In the July 2000 issue of American Bee Journal, Carl J. Wenning discusses, “The ‘Neglected’ Smoker,” (Vol. 140, No. 7, pp 537-542). As Mr. Wenning says, disregard for studies concerning both smoker and fuel management is reprehensible in light of the technology’s importance to beekeeping. Over the years, the smoker changed little with exception of the present use of stainless steel and protective heat guards. Smoker fuels too have not generated much research. Thus, Mr. Wenning mounted a qualitative study of possible fuels (bailing twine, bark mulch, burlap, cardboard, cedar chips, cotton rags, cotton, corn cobs, denim, fir needles, pine needles, peanut shells, “punk” wood, sumac seeds and twigs). The clear winners in terms of lightability, smoke density and temperature, ash discharge and longevity were red cedar chips and sumac seed heads, with corn cobs and pine needles not far behind.
Response to the article involved another concern, human health effects related to these fuels (American Bee Journal, Vol. 140, No. 10, pp. 803-806). There are over a hundred kinds of sumac, for example, and some seeds and smoke thereof could be poisonous. However, according to one of Mr. Wenning’s correspondents, “I do not know how the [Staghorn] sumac smoke influences the nasal passages or lungs if it is inhaled. I only know that I have been doing it for over 50 years with no noticeable impact.” Mr. Wenning could find no evidence that smoke from cedar chips and/or shavings might cause cancer as suggested by some.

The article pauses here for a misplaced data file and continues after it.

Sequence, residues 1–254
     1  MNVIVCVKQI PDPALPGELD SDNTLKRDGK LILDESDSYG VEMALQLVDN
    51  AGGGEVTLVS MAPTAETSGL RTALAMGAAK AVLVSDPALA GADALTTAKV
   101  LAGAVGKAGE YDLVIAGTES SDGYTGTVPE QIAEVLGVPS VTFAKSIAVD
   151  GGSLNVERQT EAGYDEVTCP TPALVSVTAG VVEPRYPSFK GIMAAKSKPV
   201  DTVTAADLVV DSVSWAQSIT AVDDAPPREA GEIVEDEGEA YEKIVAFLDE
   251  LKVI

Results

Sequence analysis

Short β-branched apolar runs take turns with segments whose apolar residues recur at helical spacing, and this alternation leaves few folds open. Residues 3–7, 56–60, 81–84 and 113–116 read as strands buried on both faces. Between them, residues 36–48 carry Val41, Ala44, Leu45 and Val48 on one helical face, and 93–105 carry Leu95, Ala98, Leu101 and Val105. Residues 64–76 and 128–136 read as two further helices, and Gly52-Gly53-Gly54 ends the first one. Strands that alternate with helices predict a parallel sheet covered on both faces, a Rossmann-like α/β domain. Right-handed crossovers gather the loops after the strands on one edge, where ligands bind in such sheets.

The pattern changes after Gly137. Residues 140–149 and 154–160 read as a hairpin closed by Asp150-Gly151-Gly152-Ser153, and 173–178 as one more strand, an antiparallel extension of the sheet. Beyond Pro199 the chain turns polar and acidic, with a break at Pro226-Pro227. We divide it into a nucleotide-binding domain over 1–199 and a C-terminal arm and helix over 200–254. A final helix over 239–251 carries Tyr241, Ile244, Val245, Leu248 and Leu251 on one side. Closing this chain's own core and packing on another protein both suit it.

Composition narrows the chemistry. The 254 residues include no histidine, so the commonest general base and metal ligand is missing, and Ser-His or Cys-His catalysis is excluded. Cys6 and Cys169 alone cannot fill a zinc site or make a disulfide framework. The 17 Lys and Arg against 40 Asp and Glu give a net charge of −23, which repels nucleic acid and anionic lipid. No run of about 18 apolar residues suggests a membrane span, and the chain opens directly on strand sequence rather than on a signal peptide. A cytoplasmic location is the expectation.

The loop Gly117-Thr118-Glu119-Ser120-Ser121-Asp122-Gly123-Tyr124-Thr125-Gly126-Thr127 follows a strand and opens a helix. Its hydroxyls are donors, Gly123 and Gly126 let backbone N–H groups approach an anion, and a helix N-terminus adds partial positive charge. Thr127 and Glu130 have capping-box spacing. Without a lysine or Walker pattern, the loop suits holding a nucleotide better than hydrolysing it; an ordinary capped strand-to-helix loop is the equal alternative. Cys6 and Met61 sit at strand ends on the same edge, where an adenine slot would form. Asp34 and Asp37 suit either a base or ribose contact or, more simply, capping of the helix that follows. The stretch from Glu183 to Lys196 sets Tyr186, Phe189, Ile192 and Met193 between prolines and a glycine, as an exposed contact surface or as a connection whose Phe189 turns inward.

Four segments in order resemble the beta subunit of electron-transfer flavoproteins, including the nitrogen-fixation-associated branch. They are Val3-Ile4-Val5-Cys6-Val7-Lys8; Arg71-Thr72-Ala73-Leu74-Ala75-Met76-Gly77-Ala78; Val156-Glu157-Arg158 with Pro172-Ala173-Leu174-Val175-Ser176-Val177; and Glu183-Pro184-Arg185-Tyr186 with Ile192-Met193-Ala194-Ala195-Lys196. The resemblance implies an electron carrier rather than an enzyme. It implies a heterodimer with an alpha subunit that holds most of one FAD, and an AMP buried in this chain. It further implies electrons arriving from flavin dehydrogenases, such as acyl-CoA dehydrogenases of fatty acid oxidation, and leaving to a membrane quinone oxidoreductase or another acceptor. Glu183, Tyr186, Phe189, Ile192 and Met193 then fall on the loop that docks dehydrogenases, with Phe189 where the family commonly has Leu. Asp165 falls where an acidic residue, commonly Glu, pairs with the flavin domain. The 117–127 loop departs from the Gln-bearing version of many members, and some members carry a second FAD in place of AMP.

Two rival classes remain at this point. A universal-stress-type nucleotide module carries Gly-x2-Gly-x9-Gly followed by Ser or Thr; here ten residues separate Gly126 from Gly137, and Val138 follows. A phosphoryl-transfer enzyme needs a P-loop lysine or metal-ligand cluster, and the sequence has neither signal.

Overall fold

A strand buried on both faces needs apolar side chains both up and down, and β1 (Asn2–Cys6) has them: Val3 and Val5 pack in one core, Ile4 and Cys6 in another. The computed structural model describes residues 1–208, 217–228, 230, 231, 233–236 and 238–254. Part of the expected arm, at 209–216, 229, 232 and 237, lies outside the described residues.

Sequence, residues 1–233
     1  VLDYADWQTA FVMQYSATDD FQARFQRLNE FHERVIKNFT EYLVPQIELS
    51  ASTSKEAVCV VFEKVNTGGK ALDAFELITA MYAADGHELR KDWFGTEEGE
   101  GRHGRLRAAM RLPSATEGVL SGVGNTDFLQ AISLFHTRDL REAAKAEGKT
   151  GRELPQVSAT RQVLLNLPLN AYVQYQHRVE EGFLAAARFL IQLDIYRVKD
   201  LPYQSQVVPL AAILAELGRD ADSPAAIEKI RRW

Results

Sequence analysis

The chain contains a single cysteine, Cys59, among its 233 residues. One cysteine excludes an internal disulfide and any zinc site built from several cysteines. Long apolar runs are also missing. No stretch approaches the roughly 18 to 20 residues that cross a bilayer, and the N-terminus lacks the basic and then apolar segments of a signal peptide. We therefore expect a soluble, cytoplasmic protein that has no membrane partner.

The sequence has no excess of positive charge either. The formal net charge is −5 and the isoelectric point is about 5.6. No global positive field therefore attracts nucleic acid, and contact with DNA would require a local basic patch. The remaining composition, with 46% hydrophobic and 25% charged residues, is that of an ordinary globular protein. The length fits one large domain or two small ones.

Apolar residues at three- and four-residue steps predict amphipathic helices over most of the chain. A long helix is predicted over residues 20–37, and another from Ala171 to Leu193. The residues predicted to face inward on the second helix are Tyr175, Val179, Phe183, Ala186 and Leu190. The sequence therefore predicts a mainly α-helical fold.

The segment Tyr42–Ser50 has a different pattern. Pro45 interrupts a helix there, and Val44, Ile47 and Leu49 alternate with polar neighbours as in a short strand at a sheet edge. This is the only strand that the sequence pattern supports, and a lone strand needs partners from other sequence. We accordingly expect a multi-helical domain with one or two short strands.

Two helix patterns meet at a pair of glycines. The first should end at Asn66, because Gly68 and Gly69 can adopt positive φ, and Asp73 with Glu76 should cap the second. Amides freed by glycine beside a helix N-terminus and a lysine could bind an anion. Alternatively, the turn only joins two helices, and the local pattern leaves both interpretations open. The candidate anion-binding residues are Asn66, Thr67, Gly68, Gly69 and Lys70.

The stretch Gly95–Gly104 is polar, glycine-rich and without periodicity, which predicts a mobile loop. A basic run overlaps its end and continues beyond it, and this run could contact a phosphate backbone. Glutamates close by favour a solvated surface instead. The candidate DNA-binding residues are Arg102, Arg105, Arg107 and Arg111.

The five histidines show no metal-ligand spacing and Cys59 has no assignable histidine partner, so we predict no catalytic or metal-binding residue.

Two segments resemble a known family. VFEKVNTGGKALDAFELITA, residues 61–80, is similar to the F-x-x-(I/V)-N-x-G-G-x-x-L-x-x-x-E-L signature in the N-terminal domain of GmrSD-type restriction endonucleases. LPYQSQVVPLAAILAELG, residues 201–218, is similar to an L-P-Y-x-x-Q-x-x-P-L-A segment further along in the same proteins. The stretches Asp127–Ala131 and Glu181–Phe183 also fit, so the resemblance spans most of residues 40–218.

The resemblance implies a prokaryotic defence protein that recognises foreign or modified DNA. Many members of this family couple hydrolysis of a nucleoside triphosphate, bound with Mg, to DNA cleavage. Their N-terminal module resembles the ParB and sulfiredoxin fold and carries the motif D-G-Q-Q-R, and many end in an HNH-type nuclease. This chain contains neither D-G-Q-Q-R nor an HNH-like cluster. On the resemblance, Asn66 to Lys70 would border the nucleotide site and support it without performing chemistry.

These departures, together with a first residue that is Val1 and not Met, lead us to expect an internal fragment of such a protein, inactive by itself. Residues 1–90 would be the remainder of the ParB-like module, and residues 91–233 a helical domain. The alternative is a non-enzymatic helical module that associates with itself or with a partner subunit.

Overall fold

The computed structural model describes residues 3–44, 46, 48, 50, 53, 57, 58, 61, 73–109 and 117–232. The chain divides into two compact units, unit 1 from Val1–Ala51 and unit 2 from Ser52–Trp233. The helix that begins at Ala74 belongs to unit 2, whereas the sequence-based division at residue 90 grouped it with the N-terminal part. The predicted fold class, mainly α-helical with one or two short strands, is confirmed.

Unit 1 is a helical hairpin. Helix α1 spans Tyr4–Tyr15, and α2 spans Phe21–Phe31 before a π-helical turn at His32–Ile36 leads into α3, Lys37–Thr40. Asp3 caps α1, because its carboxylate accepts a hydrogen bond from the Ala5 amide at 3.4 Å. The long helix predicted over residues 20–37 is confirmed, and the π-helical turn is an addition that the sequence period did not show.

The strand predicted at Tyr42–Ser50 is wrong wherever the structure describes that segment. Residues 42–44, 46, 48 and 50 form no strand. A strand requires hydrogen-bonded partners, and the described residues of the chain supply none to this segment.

Tobacco was also suggested to Mr. Wenning as a good fuel, with the added advantage that it might also knock down Varroa mites. There is little question that inhaling tobacco fumes either purposefully or as an innocent bystander (second-hand smoke) can cause health problems. Thus, Mr. Wenning concludes, the “jury dealing with the health concerns of beekeepers in relation to the use of various smoker fuels will remain out (with, perhaps, the exception of cigarette tobacco) until such time as the appropriate research is conducted — if ever.”
Perhaps more significant to beekeepers is the effect of some smoke on the bees themselves. This may be true for that from natural products like cedar chips, tobacco and sumac, but is perhaps more important with reference to treated materials producing toxic fumes in the smoker. Bailing twine, for example, may be treated with fire retardant and rat-chewing preventative (creosote). Cotton products might have high levels of pesticides, dyes or other substances incorporated into them. Cardboard, too, can be infused with a wide variety of chemicals that produce toxic or irritating smoke. The history of cardboard boxes if unknown and can be problematic, according to Dr. Frank Eischen at the Weslaco ARS facility, one of Mr. Wenning’s corresondents, who also reported that corn cob smoke killed bees in cage studies, but not immediately, beginning its effects four days after application.
Reduction of possible smoker fuel health problems might include several strategies, according to Mr. Wenning, such as reducing needless inhalation of smoke (holding the breath), using the bellows appropriately (pumping less vigorously) and guiding the smoke to where it’s most needed using the hand. In general, a minimum amount of smoke is often required to control even the most defensive colonies. For those with great concern, Mr. Wenning concludes, alternatives do exist. These include use of liquid smoke and/or water or sugar water mixed with essential oils (vanilla, peppermint).